We last left off talking about being involved in a transaction. Let’s look more into solving problems in transactions.
Bob Nelson, Eugene real estate investment broker
Marcia Edwards, Eugene residential real estate broker
Marcia Edwards: Say you’re on the buyer’s side of a residential purchase. You’ve had your inspections completed, and you realized you have a roof that has less than a year’s life remaining on it, and you got a furnace that’s working today but may not be working tomorrow according to the inspector.
Bob Nelson: Unfortunately, the offer that you wrote most likely stated I’m offering on the property in its as is condition. Unless you had spotted these things in advance and built in some type of an allowance, most likely, you reduce the price to allow yourself the opportunity to cure those defects and not be above the “market.” So, you’re going to pay a certain amount to the seller and a certain amount to a contractor to fix the issues of concern. Most likely, you didn’t write the offer that way. You wrote it as is. Now, you’re discovering what as is means.
Marcia Edwards: That’s right. So, with that awareness, we want to get enough information to be able to get to the other side of this problem. That usually means more research and investigation before you approach the seller, and you want to propose a solution when you reveal the problem, which they may or may not be aware of. They may have had the roof cleaned last year, and the roofer up on the roof said probably not much life remaining on the roof. They may already know it’s in play but possibly not.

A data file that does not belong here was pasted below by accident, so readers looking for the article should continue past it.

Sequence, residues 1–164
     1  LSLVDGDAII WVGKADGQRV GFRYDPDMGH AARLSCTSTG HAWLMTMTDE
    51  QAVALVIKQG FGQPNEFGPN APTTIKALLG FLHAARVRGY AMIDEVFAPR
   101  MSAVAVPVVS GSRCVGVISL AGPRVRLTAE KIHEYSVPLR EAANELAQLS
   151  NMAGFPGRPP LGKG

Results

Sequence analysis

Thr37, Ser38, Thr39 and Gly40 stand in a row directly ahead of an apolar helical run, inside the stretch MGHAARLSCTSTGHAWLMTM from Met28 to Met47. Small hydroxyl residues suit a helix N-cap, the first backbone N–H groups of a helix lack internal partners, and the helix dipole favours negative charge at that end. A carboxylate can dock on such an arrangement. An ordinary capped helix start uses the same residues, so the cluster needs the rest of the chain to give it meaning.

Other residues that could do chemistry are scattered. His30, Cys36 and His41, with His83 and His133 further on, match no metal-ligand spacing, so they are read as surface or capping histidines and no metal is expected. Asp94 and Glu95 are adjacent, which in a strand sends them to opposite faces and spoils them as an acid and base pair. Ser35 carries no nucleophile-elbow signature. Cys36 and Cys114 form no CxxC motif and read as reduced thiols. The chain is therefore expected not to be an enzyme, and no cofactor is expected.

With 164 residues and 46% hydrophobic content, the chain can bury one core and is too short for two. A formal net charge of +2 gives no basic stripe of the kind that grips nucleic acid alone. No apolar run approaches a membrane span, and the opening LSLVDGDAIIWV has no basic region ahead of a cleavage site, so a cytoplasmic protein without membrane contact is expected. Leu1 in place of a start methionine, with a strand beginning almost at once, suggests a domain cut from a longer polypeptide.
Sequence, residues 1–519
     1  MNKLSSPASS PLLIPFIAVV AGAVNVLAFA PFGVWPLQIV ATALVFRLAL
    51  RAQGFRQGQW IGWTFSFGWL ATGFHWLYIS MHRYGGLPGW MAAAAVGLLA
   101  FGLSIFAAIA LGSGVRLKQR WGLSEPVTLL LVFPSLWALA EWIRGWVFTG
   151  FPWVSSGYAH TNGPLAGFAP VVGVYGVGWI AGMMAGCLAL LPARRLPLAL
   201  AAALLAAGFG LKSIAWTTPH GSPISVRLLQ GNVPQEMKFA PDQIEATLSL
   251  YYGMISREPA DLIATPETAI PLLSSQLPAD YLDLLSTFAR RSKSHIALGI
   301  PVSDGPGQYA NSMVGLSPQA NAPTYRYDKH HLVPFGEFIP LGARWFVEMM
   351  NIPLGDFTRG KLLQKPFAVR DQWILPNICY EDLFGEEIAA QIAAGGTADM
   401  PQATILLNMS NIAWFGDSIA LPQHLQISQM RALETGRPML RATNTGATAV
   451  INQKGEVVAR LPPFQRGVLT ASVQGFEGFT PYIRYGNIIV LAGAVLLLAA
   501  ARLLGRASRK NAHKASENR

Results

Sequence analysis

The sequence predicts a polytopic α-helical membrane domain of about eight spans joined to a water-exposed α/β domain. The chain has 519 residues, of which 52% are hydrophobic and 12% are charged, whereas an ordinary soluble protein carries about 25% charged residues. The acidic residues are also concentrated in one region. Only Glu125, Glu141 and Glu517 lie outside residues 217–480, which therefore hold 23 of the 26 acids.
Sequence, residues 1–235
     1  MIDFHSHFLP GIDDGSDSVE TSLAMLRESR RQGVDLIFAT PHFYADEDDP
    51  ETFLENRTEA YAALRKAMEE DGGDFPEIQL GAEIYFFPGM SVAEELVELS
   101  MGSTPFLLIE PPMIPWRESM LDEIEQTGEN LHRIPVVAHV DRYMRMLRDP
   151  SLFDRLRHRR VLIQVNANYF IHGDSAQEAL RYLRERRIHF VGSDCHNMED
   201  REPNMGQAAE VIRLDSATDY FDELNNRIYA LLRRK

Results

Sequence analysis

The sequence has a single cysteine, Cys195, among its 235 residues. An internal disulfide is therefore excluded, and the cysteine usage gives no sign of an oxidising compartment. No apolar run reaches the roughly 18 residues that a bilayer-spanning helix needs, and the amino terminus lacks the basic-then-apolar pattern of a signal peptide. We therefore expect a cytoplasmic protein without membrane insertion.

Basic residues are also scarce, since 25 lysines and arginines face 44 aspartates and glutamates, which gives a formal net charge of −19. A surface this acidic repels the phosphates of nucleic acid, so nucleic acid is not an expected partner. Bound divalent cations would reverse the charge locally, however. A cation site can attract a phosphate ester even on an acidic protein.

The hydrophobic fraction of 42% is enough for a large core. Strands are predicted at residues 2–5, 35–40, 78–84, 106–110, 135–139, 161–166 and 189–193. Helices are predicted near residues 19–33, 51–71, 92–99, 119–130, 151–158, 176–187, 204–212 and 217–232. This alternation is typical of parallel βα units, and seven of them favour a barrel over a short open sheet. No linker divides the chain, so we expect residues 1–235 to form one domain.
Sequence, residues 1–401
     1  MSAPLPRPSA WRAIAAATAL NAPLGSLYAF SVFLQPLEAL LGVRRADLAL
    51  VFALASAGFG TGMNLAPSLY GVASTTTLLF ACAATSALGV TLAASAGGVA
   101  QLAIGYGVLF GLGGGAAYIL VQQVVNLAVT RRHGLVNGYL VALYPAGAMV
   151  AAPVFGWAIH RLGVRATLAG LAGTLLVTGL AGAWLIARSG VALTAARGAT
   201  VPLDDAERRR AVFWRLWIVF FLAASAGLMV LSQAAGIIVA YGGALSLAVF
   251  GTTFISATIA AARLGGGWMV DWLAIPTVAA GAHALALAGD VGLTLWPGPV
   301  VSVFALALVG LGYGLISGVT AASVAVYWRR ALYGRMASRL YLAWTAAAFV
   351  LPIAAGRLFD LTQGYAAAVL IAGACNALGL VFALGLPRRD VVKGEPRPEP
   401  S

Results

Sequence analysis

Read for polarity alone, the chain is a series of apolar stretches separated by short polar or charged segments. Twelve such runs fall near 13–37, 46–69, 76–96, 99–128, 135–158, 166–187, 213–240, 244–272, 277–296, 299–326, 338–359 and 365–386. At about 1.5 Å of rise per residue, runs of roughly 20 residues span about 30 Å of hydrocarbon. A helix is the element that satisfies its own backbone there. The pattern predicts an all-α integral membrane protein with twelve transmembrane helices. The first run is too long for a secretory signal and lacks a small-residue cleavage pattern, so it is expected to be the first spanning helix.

Bob Nelson: It’s the issue now that becomes a cold shower as you find out what the cost will be for a new roof, and the seller finds out the price adjustment you would like to have as a concession for dealing with that new roof. Now, you’re going to turn to the seller most likely and say replace the roof. They’re going to tell you, “There’s the door. Don’t let that knob hit you in an uncomfortable position as you leave.” In other words, good bye.
Marcia Edwards: They might say it that way, but you’re right.
Bob Nelson: Well, they can say it other ways too, however.
Marcia Edwards: The lens of a seller or a seller’s agent, the conversation turns to whether any reasonable buyer would request the same. Is it something you’re going to expect if you lose this buyer, will you have the same conversation again, or will you be able to work without it? For example, that furnace is still operable. A seller might say, “You know what, it’s working. It’s not broken. Why would we have to fix it?” They may push back on that thinking the next buyer would not be concerned.
Bob Nelson: It depends if we have brokers involved. If you’re dealing directly with a seller, you’re the buyer, oh my goodness. What’s most likely going to happen, the seller’s going to say, “Step aside. I’m going to see if another buyer will come in and not have those issues.” So, you’re not going to be listened to very well.
Marcia Edwards: Get good counsel. We’ll give you some more coaching on this next program.
Join Eugene, Oregon, real estate experts: Bob Nelson, Real Estate Investment Broker with Pacwest Real Estate Investments, and Marcia Edwards, Residential Real Estate Broker with Windermere Real Estate, daily at 5:30 on KPNW for the “Real Estate Today” radio show.